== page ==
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The Habits and Manners of the Emperor Aurangzeb, 1666

        Be it known to the readers of this work that this humble slave of the Almighty is going to describe in a correct manner the excellent character, the worthy habits and the refined morals of this most virtuous monarch, Abú-l Muzaffar Muhiu-d dín Muhammad Aurangzeb 'Álamgír, according as he has witnessed them with his own eyes. The Emperor, a great worshipper of God by natural propensity, is remarkable for his rigid attachment to religion. He is a follower of the doctrines of the Imám Abú Hanífa (may God be pleased with him!), and establishes the five fundamental doctrines of the Kanz. Having made his ablutions, he always occupies a great part of his time in adoration of the Deity, and says the usual prayers, first in the masjid and then at home, both in congregation and in private, with the most heartfelt devotion. He keeps the appointed fasts on Fridays and other sacred days, and he reads the Friday prayers in the Jámi' masjid with the common people of the Muhammadan faith. He keeps vigils during the whole of the sacred nights, and with the light of the favour of God illumines the lamps of religion and prosperity. From his great piety, he passes whole nights in the Mosque which is in his palace, and keeps company with men of devotion. In privacy he never sits on a throne. He gave away in alms before his accession a portion of his allowance of lawful food and clothing, and now devotes to the same purpose the income of a few villages in the district of Dehlí, and the proceeds of two or three salt-producing tracts, which are appropriated to his privy purse. The Princes also follow the same example. During the whole month of Ramazán he keeps fast, says the prayers ap­pointed for that month, and reads the holy Kurán in the assembly of religious and learned men, with whom he sits for that purpose during six, and sometimes nine hours of the night. During the last ten days of the month, he performs worship in the mosque, and although, on account of several obstacles, he is unable to proceed on a pilgrimage to Mecca, yet the care which he takes to promote facilities for pilgrims to that holy place may be con­sidered equivalent to the pilgrimage.

        From the dawn of his understanding he has always refrained from prohibited meats and practices, and from his great holiness has adopted nothing but that which is pure and lawful. Though he has collected at the foot of his throne those who inspire ravish­ment in joyous assemblies of pleasure, in the shape of singers who possess lovely voices and clever instrumental performers, and in the commencement of his reign sometimes used to hear them sing and play, and though he himself understands music well, yet now for several years past, on account of his great restraint and self-denial, and observance of the tenets of the great Imám (Sháfi'í), (may God's mercy be on him!), he entirely abstains from this amusement. If any of the singers and musicians becomes ashamed of his calling, he makes an allowance for him or grants him land for his maintenance.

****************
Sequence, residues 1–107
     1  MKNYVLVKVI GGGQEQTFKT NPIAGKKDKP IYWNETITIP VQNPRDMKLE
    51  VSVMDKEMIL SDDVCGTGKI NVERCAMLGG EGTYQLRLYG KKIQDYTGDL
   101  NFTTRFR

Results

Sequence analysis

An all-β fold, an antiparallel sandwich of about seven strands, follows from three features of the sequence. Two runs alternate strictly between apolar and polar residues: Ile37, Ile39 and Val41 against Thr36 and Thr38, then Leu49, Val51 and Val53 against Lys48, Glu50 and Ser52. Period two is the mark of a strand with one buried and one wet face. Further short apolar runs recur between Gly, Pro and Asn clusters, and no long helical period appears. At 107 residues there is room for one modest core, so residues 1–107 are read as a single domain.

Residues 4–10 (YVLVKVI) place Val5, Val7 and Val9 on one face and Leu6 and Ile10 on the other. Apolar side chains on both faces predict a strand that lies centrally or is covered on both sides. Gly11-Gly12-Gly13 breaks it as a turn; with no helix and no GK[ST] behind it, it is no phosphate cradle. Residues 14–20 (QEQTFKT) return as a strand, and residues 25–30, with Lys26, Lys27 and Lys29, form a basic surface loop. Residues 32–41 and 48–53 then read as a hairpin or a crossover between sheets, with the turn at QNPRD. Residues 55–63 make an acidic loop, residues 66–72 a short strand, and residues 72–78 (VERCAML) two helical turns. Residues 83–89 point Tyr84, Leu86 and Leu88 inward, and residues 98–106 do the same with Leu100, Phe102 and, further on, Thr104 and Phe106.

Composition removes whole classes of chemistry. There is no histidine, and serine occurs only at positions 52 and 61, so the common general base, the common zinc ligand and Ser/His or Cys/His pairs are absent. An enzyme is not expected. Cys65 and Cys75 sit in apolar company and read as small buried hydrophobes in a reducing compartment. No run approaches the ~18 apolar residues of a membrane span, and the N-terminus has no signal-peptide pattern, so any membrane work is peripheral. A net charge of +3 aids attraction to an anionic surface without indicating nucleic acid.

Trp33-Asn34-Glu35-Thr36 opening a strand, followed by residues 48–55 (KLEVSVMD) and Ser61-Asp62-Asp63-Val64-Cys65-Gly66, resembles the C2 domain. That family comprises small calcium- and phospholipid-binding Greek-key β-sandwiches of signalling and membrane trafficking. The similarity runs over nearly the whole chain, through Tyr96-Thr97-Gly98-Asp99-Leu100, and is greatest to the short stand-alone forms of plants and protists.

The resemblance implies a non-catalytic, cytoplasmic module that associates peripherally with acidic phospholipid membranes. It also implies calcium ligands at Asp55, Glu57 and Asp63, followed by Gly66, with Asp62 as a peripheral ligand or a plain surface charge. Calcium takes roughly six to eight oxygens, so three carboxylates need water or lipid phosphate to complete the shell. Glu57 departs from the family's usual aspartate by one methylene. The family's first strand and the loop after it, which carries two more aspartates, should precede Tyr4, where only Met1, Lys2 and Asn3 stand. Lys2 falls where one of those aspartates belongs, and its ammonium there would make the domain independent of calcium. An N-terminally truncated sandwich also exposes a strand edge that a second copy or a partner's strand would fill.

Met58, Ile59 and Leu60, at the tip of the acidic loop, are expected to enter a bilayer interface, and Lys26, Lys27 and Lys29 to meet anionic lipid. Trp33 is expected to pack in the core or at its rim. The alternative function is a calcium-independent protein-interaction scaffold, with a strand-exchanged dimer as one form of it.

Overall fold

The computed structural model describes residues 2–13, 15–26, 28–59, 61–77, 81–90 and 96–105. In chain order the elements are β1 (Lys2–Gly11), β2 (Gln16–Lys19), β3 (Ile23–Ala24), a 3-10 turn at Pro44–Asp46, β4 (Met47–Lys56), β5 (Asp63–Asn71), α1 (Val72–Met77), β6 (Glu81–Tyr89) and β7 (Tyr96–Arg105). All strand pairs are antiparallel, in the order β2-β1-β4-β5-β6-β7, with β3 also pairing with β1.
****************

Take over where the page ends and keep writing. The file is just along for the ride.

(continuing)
He never puts on the clothes prohibited by religion, nor does he ever use vessels of silver or gold. In his sacred Court no improper conversation, no word of backbiting or falsehood, is allowed. His courtiers, on whom his light is reflected, are cautioned that if they have to say anything which might injure the character of an absent man, they should express themselves in decorous language and at full detail. He appears two or three times every day in his court of audience with a pleasing counte­nance and mild look, to dispense justice to complainants who come in numbers without any hindrance, and as he listens to them with great attention, they make their representations with­out any fear or hesitation, and obtain redress from his impartiality. If any person talks too much, or acts in an improper manner, he is never displeased, and he never knits his brows. His courtiers have often desired to prohibit people from showing so much boldness, but he remarks that by hearing their very words, and seeing their gestures, he acquires a habit of forbearance and tolerance. All bad characters are expelled from the city of Dehlí, and the same is ordered to be done in all places through­out the whole empire. The duties of preserving order and regularity among the people are very efficiently attended to, and throughout the empire, notwithstanding its great extent, nothing can be done without meeting with the due punishment enjoined by the Muhammadan law. Under the dictates of anger and passion he never issues orders of death. In consideration of their rank and merit, he shows much honour and respect to the Saiyids, saints and learned men, and through his cordial and liberal exertions, the sublime doctrines of Hanífa and of our pure religion have obtained such prevalence throughout the wide territories of Hindústán as they never had in the reign of any former king.

        Hindú writers have been entirely excluded from holding public offices, and all the worshipping places of the infidels and the great temples of these infamous people have been thrown down and destroyed in a manner which excites astonishment at the success­ful completion of so difficult a task. His Majesty personally teaches the sacred kalima to many infidels with success, and invests them with khil'ats and other favours. Alms and dona­tions are given by this fountain of generosity in such abundance, that the emperors of past ages did not give even a hundredth part of the amount. In the sacred month of Ramazán sixty thousand rupees, and in the other months less than that amount, are distributed among the poor. Several eating houses have been established in the capital and other cities, at which food is served out to the helpless and poor, and in places where there were no caravanserais for the lodging of the travellers, they have been built by the Emperor. All the mosques in the empire are repaired at the public expense. Imáms, criers to the daily prayers, and readers of the khutba, have been appointed to each of them, so that a large sum of money has been and is still laid out in these disbursements. In all the cities and towns of this extensive country pensions and allowances and lands have been given to learned men and professors, and stipends have been fixed for scholars according to their abilities and qualifications.